BOULDER, Colo. (KFSN) -- At least two million Americans will develop an antibiotic-resistant infection this year. Drugs that used to work like penicillin or amoxicillin, often don't anymore. These resistant infections are on the rise, and researchers say it's something that should concern all of us. Scientists are searching for ways to solve this ever-growing problem. What they're coming up with is promising.
Each year, 23,000 Americans die from an antibiotic-resistant infection.
Corrie Detweiler, Ph.D., a Microbiologist at CU Boulder said, "The days when you can give a patient an antibiotic, and you were pretty darn sure it was going to work are pretty much gone."
Bacterial infections that could once easily be cured now have the potential to kill. Detweiler's team wants to make antibiotics more effective. They searched through 14,000 compounds and found three that show promise.
"We've been able to find some chemicals, some compounds, that inhibit bacteria from pumping out antibiotics," said Detweiler.
Many bacteria have developed efflux pumps that pump out antibiotics meant to kill them. Detweiler's compounds block those pumps.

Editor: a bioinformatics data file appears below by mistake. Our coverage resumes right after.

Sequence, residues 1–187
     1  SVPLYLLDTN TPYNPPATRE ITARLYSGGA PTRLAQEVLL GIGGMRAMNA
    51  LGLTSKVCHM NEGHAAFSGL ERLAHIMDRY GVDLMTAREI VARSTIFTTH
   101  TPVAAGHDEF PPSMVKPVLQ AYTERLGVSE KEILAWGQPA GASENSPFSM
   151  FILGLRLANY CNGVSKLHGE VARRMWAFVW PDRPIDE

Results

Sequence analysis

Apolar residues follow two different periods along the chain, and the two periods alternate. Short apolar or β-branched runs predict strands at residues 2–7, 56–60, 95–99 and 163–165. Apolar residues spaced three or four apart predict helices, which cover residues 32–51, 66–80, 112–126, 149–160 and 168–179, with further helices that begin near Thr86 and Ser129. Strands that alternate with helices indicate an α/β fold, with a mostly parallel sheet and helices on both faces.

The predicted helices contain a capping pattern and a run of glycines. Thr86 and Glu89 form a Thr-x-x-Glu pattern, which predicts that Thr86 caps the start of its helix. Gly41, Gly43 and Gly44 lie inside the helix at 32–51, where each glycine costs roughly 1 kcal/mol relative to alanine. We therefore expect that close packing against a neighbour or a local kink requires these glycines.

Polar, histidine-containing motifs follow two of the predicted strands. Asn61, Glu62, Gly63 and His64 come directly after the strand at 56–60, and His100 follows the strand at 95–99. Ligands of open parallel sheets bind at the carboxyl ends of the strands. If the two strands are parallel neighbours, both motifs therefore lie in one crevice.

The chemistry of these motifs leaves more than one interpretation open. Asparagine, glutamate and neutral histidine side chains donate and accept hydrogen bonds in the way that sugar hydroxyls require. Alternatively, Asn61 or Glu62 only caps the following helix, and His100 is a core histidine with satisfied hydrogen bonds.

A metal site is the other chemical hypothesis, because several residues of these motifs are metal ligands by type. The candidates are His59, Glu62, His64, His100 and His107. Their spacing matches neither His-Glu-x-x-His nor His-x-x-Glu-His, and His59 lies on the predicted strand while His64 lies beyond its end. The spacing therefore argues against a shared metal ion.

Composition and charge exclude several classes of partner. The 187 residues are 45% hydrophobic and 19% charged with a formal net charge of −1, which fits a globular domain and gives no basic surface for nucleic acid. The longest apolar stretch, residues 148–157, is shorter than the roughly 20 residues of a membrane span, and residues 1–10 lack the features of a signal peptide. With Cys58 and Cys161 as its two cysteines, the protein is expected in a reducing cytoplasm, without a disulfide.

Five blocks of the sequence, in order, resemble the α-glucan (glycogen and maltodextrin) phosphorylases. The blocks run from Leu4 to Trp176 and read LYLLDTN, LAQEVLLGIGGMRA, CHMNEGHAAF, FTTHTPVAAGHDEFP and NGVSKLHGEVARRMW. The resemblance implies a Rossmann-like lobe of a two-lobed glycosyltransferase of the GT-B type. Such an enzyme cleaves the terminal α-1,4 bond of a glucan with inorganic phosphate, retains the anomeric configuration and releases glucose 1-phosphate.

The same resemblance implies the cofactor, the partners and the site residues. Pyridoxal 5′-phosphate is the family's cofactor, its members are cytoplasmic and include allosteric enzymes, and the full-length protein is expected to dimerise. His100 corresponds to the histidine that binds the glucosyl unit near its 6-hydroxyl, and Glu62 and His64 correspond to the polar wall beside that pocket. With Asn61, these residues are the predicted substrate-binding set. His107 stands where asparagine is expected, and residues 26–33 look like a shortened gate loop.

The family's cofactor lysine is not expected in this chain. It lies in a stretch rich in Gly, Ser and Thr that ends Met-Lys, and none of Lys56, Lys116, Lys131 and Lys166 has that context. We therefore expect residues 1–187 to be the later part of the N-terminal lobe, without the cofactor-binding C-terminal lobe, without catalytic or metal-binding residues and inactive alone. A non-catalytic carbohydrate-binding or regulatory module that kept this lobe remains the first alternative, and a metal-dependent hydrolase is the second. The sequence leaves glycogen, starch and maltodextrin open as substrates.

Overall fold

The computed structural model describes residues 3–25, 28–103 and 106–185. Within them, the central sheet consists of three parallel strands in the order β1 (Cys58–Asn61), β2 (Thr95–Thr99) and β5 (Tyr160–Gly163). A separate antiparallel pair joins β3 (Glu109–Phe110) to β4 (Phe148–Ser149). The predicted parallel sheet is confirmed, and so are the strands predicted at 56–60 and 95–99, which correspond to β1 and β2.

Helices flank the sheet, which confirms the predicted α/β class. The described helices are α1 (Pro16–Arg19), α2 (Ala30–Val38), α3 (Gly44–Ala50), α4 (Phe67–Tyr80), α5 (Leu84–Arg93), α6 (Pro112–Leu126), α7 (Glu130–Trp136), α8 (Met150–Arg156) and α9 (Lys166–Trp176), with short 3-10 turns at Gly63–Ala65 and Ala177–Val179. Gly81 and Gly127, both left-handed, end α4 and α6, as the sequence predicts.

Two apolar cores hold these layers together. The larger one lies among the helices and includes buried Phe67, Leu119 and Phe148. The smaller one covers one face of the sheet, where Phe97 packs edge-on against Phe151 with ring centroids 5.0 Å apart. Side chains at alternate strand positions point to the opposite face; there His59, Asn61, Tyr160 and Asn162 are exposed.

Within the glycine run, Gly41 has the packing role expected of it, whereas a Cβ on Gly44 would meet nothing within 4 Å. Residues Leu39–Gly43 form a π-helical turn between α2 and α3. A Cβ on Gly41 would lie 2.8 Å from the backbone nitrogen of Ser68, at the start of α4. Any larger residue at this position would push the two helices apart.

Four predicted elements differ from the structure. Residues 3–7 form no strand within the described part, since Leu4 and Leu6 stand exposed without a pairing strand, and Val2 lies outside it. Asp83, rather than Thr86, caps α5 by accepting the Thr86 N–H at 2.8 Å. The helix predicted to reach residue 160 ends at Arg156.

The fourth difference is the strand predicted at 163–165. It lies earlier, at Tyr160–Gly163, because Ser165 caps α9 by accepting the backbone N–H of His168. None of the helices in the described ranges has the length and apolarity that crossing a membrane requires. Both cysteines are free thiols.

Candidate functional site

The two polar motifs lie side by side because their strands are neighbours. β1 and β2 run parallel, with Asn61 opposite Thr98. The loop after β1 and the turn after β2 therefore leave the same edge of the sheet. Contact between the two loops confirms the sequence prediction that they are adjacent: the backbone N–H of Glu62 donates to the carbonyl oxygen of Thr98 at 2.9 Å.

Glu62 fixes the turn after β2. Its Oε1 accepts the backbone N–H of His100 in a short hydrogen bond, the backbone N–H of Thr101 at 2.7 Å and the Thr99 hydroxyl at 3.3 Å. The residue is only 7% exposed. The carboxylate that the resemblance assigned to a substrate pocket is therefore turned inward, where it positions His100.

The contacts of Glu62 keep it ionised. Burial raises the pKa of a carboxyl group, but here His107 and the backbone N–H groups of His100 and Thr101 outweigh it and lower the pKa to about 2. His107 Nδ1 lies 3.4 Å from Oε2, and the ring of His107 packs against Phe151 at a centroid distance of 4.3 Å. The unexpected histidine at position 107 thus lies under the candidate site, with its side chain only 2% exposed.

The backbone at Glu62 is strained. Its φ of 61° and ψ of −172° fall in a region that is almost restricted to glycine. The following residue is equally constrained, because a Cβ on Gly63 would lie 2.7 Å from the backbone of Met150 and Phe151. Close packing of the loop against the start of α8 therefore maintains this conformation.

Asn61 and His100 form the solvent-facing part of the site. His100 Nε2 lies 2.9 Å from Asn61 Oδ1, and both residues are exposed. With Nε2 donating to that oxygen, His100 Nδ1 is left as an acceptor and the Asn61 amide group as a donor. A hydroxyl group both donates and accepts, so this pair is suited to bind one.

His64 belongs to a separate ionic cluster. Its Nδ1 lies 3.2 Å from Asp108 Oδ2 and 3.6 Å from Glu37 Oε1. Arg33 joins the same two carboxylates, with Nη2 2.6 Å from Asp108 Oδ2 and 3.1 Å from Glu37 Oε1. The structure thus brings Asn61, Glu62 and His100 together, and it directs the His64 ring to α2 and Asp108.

Detweiler said, "If we can inhibit those efflux pumps, then we essentially re-sensitize that bacterium to a particular antibiotic."
CU Boulder Neuroscientist Pamela Harvey, Ph.D., says students research thousands of compounds looking for new antibiotics.
"In general, one in 10,000 compounds tested will become a drug in the pharmacy for you," said Harvey.
For Harvey, the research is essential. It's also personal.
"My dad got pneumonia over the summer. This is a guy who rides motorcycles and goes on trips with his friends. Two weeks later, he passed away from an antibiotic-resistant strain of pneumonia," Harvey shared.
It's been a tough road, but she remains focused on her work.
Harvey said, "The problem is not going away. It's getting worse."
Last year, one of Harvey's students had a hit on one of the thousands of compounds under review. It's now under study to test its efficacy on a resistant form of salmonella that causes typhoid fever. Detweiler says there are simple steps we can take to reduce our risk of infection. That includes treating even the smallest of cuts with Neosporin or alcohol, and if you're given a course of antibiotics, it's essential to take them exactly as prescribed.
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